Opened 15 years ago

Closed 21 months ago

#30 closed defect (inactive)

about memory use

Reported by: forgottentowers Owned by: gogo
Priority: lowest Milestone: Version 1.0
Component: Xinha Core Version:
Severity: major Keywords: IE memory leak
Cc: bobesch@…

Description (last modified by gogo)

Hi again!
I used htmlarea, but when I saw xinha I think this is very cool and faster.
I noticed in htmlarea that when I reload a page with the component, the memory was increased in 2mb more, and each refresh that I made add 2mb more to the ie process, I try refreshing the page between six to ten times, and the components hang, maybe when I try two or three times.
Well, that was because I use xinha and saw the same problem, I feel Xinha is more faster, but when I refresh the page the memory doesn??t be purged and only increment the ammount of the ie process.

There are some posts in htmltextarea forum (only if you want to see more information) search "memory leak".

thanks for Xinha ;)
forgottentowers

Change History (67)

comment:1 Changed 15 years ago by Chris Allison

You aren't going to like this answer, but here is some information about this bug. I believe this bug is actually caused by an IE bug with closures. Closures are some type of programming method that can be used in Javascript. I do not know too much about them. However, I believe that Xinha/htmlArea uses them a lot. If you want to read more about them and IE's problem with them, please read the following:

http://www.bazon.net/mishoo/articles.epl?art_id=824

That was written by Mishoo who is the original developer of htmlArea. He does not refer to htmlArea directly about this problem, but it is my opinion that this is probably the same cause of the memory leak in htmlArea.

In summary, I believe the core of Xinha probably uses closures a lot, and it would not be an easy task to remove them. James could probably add more input here, since he probably knows much more about closures than I.

comment:2 Changed 15 years ago by gogo

  • Keywords IE memory leak added
  • Priority changed from high to lowest
  • Severity changed from major to normal

I'm changing this to very low priority, simply because it's probably impossible to fix.

Reading Mish's text, I agree that it is an IE problem where by the garbage collector doesn't handle recursive references correctly. Unfortunatly, removing recursive references would be all but impossible (actually, it probably would be impossible).

Mish's workaround would similarly be impossible to implement.

It's still something we need to keep in mind, but I don't think it can be fixed.

comment:3 Changed 14 years ago by ianb@…

Here's a couple more articles on the problem:

http://jgwebber.blogspot.com/2005/01/dhtml-leaks-like-sieve.html
http://www.quirksmode.org/blog/archives/2005/02/javascript_memo.html

My still-vague impression is that it really kills you when you put Javascript objects (especially things like closures) into the DOM, like in an event handler. This script claims to fix this problem, and would probably be easy to apply:

http://novemberborn.net/javascript/event-cache

comment:4 Changed 14 years ago by gogo

  • Description modified (diff)
  • Priority changed from lowest to highest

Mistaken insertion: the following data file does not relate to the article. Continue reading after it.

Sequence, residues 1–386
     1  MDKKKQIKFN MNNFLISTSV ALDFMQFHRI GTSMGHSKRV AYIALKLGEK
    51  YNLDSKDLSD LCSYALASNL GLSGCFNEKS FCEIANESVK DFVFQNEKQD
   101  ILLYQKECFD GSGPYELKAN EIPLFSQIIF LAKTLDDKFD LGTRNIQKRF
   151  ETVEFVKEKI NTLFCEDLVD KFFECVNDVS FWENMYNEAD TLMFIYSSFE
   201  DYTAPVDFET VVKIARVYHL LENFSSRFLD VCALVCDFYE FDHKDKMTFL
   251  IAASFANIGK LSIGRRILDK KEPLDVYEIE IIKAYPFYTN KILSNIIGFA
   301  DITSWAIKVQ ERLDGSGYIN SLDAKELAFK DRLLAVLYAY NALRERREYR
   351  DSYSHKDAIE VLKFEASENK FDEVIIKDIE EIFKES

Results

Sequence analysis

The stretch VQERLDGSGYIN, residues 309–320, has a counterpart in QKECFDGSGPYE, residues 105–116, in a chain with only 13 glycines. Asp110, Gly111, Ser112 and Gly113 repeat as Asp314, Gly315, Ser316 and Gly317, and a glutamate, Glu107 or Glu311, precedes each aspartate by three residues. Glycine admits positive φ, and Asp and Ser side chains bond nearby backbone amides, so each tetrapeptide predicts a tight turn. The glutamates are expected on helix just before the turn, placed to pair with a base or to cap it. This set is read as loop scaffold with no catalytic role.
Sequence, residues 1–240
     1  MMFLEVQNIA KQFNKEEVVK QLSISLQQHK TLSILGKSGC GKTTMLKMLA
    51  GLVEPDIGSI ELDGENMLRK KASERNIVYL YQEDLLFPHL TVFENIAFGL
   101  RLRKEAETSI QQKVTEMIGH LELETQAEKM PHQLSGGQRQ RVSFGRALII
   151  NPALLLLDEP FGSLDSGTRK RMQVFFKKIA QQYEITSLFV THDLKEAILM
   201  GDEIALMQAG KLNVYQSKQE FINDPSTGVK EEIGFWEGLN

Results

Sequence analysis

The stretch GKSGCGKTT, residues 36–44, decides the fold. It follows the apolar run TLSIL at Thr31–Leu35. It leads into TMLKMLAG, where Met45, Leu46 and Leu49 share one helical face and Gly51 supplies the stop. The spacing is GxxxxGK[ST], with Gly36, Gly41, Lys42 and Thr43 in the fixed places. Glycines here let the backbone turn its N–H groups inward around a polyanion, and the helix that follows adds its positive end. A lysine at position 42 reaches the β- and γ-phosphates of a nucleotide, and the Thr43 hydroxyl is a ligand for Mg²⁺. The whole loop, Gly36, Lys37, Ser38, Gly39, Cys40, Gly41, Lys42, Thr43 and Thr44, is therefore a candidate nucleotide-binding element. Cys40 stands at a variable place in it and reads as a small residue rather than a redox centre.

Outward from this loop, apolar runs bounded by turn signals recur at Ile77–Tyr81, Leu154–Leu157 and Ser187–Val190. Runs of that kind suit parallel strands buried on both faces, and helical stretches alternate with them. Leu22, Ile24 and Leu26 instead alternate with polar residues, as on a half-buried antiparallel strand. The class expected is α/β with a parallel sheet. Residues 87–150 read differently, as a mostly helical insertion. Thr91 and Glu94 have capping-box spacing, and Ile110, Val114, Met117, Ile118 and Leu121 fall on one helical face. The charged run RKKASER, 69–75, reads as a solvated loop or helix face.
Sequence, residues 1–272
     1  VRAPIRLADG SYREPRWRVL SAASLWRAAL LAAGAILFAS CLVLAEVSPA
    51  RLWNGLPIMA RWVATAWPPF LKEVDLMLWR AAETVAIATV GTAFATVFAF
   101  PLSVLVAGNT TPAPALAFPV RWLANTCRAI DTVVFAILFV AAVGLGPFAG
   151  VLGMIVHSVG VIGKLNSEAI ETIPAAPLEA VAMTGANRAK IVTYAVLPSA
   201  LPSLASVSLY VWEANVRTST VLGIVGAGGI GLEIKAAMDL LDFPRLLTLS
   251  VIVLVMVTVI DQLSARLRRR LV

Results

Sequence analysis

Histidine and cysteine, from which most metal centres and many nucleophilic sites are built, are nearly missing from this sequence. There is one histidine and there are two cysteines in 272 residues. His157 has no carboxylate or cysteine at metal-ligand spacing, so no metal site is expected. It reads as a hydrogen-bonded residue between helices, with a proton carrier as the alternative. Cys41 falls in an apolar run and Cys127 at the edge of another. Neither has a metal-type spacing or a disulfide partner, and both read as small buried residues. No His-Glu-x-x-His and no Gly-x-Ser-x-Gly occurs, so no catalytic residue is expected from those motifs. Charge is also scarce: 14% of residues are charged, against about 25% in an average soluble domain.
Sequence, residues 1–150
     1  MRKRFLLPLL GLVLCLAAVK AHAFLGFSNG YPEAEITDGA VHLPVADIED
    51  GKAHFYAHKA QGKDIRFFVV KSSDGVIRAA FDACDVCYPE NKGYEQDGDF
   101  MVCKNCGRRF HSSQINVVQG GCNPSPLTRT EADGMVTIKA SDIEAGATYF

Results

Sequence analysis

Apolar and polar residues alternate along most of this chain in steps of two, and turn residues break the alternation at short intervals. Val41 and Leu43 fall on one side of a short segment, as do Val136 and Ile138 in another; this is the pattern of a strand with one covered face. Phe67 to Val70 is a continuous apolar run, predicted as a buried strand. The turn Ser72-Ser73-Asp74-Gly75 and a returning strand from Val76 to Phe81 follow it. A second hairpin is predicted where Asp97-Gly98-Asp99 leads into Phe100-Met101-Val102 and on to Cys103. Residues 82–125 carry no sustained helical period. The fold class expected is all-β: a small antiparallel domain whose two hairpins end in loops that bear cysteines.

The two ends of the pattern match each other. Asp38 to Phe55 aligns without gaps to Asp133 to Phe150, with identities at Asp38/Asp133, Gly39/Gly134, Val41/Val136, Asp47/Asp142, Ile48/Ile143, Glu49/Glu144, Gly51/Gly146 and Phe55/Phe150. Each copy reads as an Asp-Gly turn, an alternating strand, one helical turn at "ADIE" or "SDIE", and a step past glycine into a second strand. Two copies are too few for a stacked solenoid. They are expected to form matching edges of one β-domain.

Hmmm, that solution looks interesting, I don't know if it would solve all the problem with the IE memory leaks, but certainly it could help. Changing the priority so we can investigate this more (if somebody wants to give it a go, please do, it should be a matter of finding where events are being set and tweaking appropriatly - I can have a look, but might not be soon).

comment:5 Changed 14 years ago by anonymous

Internet Explorer being the most widely used browser, and memory being wasted in huge amounts, this problem should have highest priority AND severity.

It effectively renders the component ABSOLUTELY useless for production purposes, and it will never leave beta state if this is not fixed.

Perhaps too much 'recursion' and 'closure' and stuff is used and depended upon, and these kind of problems occur by depending too much on 'garbage collectors' and so on.
In C++, this would not happen.. simply because then you are forced to be careful about your memory usage, and terminating objects appropriately.

Closures are not such a nice thing, then. Through a quick scan I conclude it is similar to 'induction of messy programming logic'. A reflection of this is the problem temporarily set to 'low priority' - how could a showstopper be set to low priority? It might result in lots of code being written that would later need re-engineering (as seems to be the case).

Luck is not an issue. Agreeing that the problem is located is way different from analysis of the actual problem.

comment:6 Changed 14 years ago by niko

ABSOLUTELY useless for production purposes is imho not true.

Although you are completely right - we must work on this high priority. I read the articles and got an idea of what is happening and what is the problem - but i'm not that a good JS-coder that i might find a solution on this...

comment:7 Changed 14 years ago by mike.codeismylife.com

Perhaps this might help a bit.
There is spoken of 'IE memory leaks due to a bug in closure - garbage collection'.

At least the first part is not the case - it is not an IE bug!. Mozilla has it too! Only, in IE, the memory-pile-up per page is about 2-3mb, and in mozilla about 500kb. So it would take 6 times more page refreshes before the critical stage is reached in mozilla.

Implicated by this is that looking into 'closing objects' properly (IF it is a closure bug!) is probably more worthwile than orienting to Internet Explorer specific bugs.

Perhaps there is simply a static variable/object somewhere (like, 'window.opener.staticobject..') that has an array that piles up.. and not a 'closure' bug at all. Some instances are kept even after a page unloads.